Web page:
Some of those who live in neighborhoods near the downtown want better back-and-forth with the municipality around citywide events.
Veronica Porter, president of the West Side Homeowners Association, said her group would like to “be part of the conversation” when plans are being put in place for festivals and celebrations in the city.
Last weekend’s Naperville Last Fling festivities brought a significant increase in people and traffic to the area nearest the attractions, which spread over the portion of the Riverwalk between Jackson Avenue and Rotary Hill. That was nothing new; it happens every Labor Day weekend, and the residents see it coming. But a communications stumble made the fest unexpectedly disruptive for its neighbors.
“Without our knowledge, the event was extended to 11:30” p.m., Porter told the City Council on Tuesday.
She said that people who will be effected by events, particularly in ways they haven’t been before, be invited to the table, or kept abreast of developments.
Kathy Benson, also a west side resident, suggested that the city could maintain communication with residents through the Naperville Area Homeowners Confederation. While Naperville does a good job of things like parking control during events, Benson said, its existing “postmortem” polling needs to be expanded.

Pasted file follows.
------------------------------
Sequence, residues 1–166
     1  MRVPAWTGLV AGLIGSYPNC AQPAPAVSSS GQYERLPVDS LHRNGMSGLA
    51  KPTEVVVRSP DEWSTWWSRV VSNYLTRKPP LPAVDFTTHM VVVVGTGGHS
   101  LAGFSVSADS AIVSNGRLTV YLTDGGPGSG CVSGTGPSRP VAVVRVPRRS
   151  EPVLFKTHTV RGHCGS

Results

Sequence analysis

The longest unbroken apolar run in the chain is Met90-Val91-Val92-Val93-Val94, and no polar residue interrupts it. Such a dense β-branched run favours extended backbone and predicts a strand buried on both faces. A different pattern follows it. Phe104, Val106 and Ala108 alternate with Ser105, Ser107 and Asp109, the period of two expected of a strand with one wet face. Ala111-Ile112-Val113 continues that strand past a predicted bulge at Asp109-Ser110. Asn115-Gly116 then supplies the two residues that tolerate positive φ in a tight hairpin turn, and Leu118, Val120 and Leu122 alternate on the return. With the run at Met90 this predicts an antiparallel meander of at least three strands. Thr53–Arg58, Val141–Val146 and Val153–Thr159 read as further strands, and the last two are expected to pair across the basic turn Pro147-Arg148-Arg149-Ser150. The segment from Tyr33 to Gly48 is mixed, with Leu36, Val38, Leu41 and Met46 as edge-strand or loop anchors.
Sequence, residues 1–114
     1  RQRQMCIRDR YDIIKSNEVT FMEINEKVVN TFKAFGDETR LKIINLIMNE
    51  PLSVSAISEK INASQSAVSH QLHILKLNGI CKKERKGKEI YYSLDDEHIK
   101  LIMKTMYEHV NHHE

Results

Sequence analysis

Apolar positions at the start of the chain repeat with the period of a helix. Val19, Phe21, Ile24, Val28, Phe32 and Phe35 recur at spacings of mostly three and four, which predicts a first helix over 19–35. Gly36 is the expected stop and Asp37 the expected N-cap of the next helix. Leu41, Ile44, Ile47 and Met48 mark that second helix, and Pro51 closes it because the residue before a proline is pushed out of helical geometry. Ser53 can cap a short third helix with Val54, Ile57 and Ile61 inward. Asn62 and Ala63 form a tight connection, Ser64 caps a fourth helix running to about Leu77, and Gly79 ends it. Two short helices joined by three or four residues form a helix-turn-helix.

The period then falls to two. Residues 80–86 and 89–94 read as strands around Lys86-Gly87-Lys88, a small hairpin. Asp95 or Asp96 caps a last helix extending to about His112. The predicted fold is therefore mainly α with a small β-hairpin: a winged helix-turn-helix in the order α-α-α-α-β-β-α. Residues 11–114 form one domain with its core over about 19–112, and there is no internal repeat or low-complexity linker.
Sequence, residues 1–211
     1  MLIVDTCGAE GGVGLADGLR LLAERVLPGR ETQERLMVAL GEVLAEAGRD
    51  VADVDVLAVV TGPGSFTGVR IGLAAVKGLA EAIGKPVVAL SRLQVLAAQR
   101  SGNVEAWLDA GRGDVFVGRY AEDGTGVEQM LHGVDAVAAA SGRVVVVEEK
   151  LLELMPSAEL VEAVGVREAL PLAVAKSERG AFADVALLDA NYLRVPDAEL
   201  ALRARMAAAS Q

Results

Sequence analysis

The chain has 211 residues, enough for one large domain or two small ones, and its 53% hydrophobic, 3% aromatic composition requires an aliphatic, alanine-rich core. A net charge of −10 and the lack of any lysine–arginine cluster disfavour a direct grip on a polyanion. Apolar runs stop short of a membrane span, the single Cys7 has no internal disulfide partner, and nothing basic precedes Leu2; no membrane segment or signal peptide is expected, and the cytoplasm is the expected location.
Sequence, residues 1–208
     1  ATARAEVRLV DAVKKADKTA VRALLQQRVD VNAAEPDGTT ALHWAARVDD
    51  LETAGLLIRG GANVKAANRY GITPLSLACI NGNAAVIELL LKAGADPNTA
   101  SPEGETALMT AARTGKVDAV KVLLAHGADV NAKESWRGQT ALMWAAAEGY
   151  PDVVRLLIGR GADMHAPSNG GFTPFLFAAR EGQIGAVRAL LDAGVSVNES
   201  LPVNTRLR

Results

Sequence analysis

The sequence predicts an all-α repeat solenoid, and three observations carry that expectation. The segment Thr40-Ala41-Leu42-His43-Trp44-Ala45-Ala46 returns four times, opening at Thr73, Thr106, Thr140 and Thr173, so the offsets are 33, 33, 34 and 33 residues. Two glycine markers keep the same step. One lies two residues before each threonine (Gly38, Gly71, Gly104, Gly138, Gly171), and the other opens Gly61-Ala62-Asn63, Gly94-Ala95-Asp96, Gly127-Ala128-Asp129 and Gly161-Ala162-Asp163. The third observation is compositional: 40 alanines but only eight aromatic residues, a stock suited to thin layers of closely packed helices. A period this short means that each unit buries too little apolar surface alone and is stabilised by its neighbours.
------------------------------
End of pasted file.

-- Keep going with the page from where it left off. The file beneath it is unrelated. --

“I think it would be very reasonable to loop in and solicit feedback from neighborhoods,” she said.
City Clerk Pam Lafeber, who coordinates special events, said it’s a feasible proposition.
“We can definitely extend an invitation to the homeowners association group that’s going to be affected by the event, and invite them to the postmortem as well,” Lafeber said.
Councilman Paul Hinterlong said he and other council members learned of the Last Fling issues early in the week, in an email. He acknowledged the city “dropped the ball” on the situation.
, but it doesn’t have to become a habit.
“A lot of this is communication,” Hinterlong said. “We can discuss whether or not it’s appropriate at the time, but the first step needs to be communication.”
Porter, who has a son with a traumatic brain injury that sometimes requires quick access by emergency responders for treatment of seizures, agreed that the city runs events well overall. She emphasized that she was not complaining.
“It’s just when it becomes excessive,” she said.